A housing infrastructure company

The Government announced:

The Government will co-invest up to $600 million alongside local councils and private investors in network infrastructure for big new housing developments through a re-purposed ultra-fast broadband company, Finance Minister Steven Joyce and Local Government Minister Anne Tolley say.

“Crown Fibre Holdings will be re-named Crown Infrastructure Partners, and bring the investment skills and experience gained through the Government’s world-leading ultra-fast broadband rollout to the job of attracting private investment in roading and water infrastructure that open up big new tracts of land for more housing development,” Mr Joyce says.

Sensible to use Crown Fibre Holdings (which has done a good job) rather than set up a new entity.

“Crown Infrastructure Partners will set up special purpose companies to build and own new trunk infrastructure for housing developments in return for dedicated long term revenue streams from councils through targeted rates and volumetric charging for use of the infrastructure by new residents.”

“This innovative new funding method will be made available to cash-strapped councils who are struggling to fund new long-term infrastructure from their own balance sheets,” Mrs Tolley says.

“Councils will have the option of buying back the infrastructure at some point in the future, but won’t have to commit to doing so. This is all about introducing outside capital to build this infrastructure, so current ratepayers don’t get burdened with all the costs of growth.”

This is really important and something I have championed for some time, since the NZ Initiative proposed it. Phil Twyford has also been calling for a way for housing infrastructure to be funded outside current ratepayers.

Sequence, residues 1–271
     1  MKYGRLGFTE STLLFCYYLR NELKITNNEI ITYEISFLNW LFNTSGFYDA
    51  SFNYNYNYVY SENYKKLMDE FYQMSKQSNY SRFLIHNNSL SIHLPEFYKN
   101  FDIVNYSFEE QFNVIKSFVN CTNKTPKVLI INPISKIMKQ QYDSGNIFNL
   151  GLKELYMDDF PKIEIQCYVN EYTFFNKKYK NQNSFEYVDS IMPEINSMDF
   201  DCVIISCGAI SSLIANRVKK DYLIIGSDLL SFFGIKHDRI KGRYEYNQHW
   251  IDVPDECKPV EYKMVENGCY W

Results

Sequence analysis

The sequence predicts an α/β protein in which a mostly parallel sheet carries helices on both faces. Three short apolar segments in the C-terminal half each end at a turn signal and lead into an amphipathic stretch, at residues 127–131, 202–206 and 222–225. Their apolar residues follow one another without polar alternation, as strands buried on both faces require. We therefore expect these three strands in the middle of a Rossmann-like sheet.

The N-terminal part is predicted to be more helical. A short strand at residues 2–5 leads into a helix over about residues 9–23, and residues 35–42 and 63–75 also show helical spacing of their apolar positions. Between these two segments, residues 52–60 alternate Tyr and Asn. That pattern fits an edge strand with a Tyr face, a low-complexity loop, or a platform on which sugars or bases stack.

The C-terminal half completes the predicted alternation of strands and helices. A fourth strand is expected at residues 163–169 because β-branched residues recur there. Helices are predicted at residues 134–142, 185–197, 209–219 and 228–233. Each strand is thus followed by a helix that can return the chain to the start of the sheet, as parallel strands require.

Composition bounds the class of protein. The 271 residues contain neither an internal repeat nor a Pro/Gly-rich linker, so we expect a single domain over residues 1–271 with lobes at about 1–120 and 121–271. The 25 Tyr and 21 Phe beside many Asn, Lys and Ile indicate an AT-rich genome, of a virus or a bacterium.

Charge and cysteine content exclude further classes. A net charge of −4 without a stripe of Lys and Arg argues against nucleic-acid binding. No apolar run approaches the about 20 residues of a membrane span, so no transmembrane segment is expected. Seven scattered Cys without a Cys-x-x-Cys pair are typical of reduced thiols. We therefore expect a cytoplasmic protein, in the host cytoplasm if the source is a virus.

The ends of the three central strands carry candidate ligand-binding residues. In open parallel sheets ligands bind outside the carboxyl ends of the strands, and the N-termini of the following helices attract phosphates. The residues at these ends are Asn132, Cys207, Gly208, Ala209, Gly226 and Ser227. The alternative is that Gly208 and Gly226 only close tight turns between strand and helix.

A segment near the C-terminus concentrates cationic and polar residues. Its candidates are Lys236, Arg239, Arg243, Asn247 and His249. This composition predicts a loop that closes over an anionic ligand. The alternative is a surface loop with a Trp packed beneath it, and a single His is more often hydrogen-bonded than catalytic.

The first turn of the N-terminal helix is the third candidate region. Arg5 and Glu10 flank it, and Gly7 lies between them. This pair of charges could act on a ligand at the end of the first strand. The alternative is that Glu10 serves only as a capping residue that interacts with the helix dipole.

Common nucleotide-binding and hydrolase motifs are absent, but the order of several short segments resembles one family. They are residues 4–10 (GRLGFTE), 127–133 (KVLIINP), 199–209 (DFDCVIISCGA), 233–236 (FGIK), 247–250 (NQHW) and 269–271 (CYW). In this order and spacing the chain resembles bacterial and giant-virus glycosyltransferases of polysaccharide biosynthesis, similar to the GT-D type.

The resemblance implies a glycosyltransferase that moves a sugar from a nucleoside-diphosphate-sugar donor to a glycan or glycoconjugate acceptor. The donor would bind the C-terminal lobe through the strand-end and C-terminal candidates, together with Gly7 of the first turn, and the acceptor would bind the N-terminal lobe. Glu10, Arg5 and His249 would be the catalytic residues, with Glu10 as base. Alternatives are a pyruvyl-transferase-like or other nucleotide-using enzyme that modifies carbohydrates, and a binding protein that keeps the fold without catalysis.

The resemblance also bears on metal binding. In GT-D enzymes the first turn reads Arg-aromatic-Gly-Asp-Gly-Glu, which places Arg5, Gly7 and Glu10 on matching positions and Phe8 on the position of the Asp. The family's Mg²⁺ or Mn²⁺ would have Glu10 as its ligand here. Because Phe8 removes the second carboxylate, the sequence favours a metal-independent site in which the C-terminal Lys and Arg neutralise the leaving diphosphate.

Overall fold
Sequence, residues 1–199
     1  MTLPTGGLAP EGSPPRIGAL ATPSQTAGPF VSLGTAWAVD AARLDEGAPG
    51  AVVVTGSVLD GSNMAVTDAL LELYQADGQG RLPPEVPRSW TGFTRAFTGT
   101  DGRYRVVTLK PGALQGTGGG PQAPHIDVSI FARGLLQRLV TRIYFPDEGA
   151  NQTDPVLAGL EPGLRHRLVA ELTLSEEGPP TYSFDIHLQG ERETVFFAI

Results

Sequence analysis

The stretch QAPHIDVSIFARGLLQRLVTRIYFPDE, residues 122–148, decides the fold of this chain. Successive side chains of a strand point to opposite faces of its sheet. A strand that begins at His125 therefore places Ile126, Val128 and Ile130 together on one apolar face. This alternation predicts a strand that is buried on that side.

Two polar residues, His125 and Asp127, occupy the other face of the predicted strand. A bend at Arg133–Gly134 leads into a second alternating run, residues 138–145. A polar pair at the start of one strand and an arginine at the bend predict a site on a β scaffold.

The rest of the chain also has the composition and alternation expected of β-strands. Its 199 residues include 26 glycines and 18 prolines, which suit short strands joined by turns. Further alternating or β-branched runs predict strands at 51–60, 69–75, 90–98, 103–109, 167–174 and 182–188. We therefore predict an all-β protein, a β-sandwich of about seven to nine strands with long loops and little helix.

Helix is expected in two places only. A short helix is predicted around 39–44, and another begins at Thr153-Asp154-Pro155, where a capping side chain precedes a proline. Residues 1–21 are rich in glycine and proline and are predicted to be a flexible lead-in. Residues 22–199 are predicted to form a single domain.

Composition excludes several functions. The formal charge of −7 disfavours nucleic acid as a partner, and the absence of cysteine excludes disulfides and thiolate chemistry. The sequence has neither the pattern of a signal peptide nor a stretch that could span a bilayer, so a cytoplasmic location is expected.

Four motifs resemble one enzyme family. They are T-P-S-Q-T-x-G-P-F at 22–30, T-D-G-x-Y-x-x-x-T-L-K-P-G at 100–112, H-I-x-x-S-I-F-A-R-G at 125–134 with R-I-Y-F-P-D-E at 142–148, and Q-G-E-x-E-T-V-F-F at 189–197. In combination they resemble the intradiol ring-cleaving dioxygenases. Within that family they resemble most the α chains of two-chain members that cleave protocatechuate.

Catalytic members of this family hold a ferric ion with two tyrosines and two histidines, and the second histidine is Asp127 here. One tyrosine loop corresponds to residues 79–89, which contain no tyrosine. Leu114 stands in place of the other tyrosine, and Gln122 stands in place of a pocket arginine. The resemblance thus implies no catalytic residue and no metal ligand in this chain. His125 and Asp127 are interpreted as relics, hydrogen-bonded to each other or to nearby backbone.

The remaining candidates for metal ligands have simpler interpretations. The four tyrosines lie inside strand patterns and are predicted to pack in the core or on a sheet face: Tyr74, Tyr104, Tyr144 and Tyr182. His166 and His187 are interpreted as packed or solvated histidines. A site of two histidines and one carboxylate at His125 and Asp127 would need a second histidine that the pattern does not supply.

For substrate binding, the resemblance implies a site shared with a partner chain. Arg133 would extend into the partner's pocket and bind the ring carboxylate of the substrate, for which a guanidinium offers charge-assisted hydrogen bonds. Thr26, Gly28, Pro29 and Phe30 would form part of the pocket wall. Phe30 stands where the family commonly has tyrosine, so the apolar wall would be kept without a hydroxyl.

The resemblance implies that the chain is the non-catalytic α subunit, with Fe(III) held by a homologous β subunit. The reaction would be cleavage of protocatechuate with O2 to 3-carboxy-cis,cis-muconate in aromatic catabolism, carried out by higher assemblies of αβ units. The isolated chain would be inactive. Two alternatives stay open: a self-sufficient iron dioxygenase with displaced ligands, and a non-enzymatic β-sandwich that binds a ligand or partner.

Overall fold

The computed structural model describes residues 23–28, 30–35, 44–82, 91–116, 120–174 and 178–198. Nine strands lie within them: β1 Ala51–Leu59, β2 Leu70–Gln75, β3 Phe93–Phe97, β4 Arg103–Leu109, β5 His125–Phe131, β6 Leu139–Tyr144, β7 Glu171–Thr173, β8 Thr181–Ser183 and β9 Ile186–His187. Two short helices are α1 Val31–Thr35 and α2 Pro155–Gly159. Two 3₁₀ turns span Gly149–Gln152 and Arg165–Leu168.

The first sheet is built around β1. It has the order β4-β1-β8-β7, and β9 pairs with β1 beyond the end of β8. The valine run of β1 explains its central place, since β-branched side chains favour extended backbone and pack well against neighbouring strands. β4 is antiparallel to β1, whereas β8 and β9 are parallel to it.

Currently Councils are incentivisied to not build houses as the infrastructure costs them money, and they sometimes have debt limits. This initiative will cover the costs of the initial infrastructure, and recoup them over time from the new residents (ie user pays).

Two of the earliest projects to be assessed by Crown Infrastructure Partners for investment will be the Auckland North and Auckland South projects previously submitted by Auckland Council as requiring investment outside the Council’s own balance sheet.

“These two large projects can provide an additional 5,500 homes in Wainui to the north of Auckland, and 17,800 homes across Pukekohe, Paerata and Drury to the south of the city,” Mrs Tolley says.

Mr Joyce says the Government is prepared to be an investor alongside the private sector and take up some of the early uptake risk.

“We learnt from the ultra-fast broadband programme that if we de-risk some of the early stages of the investment, we can bring in private sector investors to take on much of the heavy lifting as the investments mature,” Mr Joyce says. “We would expect the Crown’s investment in each project to be matched with at least one to one with private sector investment over time.”

A private-public partnership looks good to me.

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